Japan is the new desire destination for digital nomads (but not for everyone)

To the delight of the many lovers of Japanese culture, cuisine, fashion, and lifestyle, Japan is now among the possible destinations for digital nomads. At the end of March, one can start applying for a visa to live in the country while working remotely, either as a freelancer with clients living abroad or as an employee of a foreign company.

Being able to enjoy the wonders of Tokyo, the beauty of Osaka, the uniqueness of Kyoto or the mountains of Hokkaido and the beaches of Okinawa will be easier for citizens from 49 countries, including EU member states, the US and the UK. There is one major limitation, however, as the barrier to entry is the minimum amount each applicant must earn from their job. The annual income that must be demonstrated is at least 10 million yen, equivalent to more than €60,000, in addition to taking out private health insurance to cover any illnesses.

Digital nomads who receive the visa can stay in Japan for six months, even with partners and children; then they will have to go across the border as there is no possibility of renewal, but only make a second application once abroad. The alternative is to go for a tourist visa, which expires after 90 days.

The high barrier to entry for three Asian countries

Having had the opportunity to visit Tokyo thanks to my work six months before the start of the 2020 Olympics (when the world had not yet discovered the Coronavirus nightmare), I advise anyone who can do so to consider moving to Japan. The seriousness and respect of the people, together with the state-of-the-art technological solutions, the cleanliness of every environment, and the high level and number of services that make it possible to get around the city quickly and safely at any time of day or night are plus points for those curious to land anywhere in the archipelago of 14,125 islands.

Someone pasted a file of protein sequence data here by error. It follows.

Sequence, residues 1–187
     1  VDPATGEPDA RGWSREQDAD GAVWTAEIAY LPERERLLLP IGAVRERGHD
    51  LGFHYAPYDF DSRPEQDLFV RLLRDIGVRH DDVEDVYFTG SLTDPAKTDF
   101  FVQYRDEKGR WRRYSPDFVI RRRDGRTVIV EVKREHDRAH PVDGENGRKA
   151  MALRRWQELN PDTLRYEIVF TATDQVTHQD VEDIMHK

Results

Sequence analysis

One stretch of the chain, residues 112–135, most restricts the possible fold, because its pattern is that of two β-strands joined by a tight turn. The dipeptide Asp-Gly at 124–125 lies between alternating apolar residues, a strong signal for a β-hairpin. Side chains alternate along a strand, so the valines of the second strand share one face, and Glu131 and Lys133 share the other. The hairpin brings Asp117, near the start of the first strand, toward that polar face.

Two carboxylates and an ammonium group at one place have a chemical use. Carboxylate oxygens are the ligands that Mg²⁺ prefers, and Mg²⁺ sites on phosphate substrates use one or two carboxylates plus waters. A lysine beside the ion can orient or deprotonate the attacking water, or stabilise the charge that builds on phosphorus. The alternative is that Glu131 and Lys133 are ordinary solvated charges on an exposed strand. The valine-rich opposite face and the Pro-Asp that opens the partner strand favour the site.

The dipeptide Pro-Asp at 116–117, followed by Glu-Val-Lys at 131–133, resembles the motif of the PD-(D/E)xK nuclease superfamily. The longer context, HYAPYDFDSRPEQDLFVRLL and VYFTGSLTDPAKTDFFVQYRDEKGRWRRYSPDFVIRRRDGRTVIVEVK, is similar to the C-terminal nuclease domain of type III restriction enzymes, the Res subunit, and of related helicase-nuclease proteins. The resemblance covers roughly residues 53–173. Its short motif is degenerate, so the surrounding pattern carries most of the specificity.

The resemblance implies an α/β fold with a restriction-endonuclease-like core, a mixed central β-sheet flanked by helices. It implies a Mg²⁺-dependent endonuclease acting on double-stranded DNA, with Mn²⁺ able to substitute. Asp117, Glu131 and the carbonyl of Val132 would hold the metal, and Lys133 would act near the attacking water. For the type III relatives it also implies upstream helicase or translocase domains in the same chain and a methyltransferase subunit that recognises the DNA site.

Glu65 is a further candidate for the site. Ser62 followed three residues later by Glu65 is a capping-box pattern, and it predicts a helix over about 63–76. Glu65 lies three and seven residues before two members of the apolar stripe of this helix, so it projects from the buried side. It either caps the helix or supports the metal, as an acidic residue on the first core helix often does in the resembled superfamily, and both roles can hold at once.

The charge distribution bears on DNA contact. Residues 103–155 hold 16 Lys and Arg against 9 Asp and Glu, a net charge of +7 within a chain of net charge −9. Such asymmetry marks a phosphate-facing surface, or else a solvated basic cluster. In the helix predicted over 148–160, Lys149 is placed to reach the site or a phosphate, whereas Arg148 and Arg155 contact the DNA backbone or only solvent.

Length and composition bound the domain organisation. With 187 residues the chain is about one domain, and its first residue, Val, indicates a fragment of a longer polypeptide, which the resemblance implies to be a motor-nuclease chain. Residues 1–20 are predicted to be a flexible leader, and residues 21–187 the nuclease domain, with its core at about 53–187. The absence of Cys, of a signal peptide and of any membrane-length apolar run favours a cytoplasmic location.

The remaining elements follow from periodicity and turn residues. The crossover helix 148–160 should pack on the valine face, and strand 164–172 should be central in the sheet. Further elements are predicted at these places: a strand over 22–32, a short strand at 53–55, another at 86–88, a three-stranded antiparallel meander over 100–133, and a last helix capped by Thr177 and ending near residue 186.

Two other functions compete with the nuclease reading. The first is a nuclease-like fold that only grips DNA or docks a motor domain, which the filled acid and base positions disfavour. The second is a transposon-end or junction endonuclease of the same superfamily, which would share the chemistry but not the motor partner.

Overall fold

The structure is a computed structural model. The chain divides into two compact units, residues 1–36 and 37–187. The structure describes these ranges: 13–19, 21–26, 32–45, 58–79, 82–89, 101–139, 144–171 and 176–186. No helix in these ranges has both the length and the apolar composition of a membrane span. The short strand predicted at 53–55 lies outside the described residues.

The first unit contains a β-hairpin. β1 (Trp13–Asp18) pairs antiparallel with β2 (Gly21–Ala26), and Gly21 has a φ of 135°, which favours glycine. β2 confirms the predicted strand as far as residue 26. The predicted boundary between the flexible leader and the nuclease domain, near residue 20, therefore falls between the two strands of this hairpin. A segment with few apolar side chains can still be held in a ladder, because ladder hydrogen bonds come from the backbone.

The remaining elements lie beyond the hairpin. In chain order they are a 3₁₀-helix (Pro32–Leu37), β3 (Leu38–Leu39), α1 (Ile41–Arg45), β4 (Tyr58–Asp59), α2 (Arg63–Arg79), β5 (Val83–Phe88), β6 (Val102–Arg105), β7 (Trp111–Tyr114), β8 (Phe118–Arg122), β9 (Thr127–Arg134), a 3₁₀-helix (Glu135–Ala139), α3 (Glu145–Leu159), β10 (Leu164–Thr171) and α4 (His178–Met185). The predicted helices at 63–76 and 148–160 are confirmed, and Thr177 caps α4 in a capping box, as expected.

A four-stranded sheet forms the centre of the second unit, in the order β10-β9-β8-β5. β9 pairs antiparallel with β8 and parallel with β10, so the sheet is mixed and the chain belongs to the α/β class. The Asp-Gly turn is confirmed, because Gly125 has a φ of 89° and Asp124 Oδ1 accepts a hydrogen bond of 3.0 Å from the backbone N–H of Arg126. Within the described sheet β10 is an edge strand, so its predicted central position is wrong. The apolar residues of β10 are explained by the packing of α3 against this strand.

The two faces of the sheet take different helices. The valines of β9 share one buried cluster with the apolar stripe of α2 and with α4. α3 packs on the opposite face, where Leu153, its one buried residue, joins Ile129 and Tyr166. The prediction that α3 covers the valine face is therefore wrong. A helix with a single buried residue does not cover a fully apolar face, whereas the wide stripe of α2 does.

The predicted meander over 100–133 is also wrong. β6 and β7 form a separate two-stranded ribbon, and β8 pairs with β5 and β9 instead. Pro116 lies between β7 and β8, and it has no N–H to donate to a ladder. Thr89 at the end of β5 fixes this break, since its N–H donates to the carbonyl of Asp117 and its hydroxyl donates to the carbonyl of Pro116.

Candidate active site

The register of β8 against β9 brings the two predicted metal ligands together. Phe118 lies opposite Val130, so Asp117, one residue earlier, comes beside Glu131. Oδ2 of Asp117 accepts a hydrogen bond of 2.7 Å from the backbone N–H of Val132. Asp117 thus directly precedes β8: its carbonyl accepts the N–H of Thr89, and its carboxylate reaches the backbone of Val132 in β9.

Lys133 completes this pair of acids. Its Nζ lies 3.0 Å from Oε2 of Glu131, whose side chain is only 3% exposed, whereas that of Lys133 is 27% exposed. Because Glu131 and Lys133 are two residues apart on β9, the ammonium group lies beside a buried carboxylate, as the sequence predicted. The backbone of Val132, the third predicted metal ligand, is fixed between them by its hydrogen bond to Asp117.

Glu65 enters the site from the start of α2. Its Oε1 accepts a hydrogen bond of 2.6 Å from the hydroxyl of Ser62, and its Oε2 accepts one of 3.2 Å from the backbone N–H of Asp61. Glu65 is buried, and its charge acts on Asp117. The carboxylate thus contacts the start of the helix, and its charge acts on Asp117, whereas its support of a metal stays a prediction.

Japan digital nomads

The conditions imposed by the Immigration Agency severely restrict the pool of potential visa applicants; after all, Japan’s requirements are very similar to those prescribed by South Korea, another Asian country that guarantees so much innovation and trends in vogue around the world. In addition to the approximately €61,000 annual income, the South Korea Digital Nomad Visa requires health coverage for the entire period of stay (one can stay up to two years, with the possibility of renewal for another twelve months). You will be surprised to know, however, that there is a South East Asian country that has launched a visa for long-distance workers with even stricter rules: this is Thailand, which only accepts those who earn at least €75,000 per year (to be proven in the two years preceding the application) and have assets approaching €1 million.

Lights and shadows: the impact of digital nomads on the local economy

While it is true that these requirements seem to close the doors to most digital nomads, Japanese institutions are convinced that the visa dedicated to them can prove helpful in moving the economy of a country still struggling with the long post-COVID aftermath. The arrival of professionals who have economic means and are willing to spend income from foreign companies, activities and services in the country is a plus for the local economy, even if the other side of the coin determines the soaring prices of rents and real estate, precisely because digital nomads have greater financial resources than the average local citizen. The latter effect has occurred in all cities and towns that have attracted large numbers of foreigners in the last 10-15 years: it has happened in Barcelona as in Lisbon.

I have named two cities as symbols of digital nomadism, so much so that most of the approximately $787 billion per year with which remote workers contribute to the global economy (the estimate is from Carlos Grider‘s 2023 survey) ended up in Spain and Portugal, two of the most popular countries for digital nomads. VisaGuide.The World‘s latest survey of top destinations awarded the Iberian country as the ideal destination for those who work remotely. Merit for the income required to obtain a visa, €2,600 per month, the quality of life and an average monthly cost of less than €700 to live. A figure that goes much higher if you stay in Madrid, Barcelona, Valencia or Ibiza, where, from multiple personal experiences, everything is (almost) beautiful but more expensive.

Alessio Caprodossi is a technology, sports, and lifestyle journalist. He navigates between three areas of expertise, telling stories, experiences, and innovations to understand how the world is shifting. You can follow him on Twitter (@alecap23) and Instagram (Alessio Caprodossi) to report projects and initiatives on startups, sustainability, digital nomads, and web3.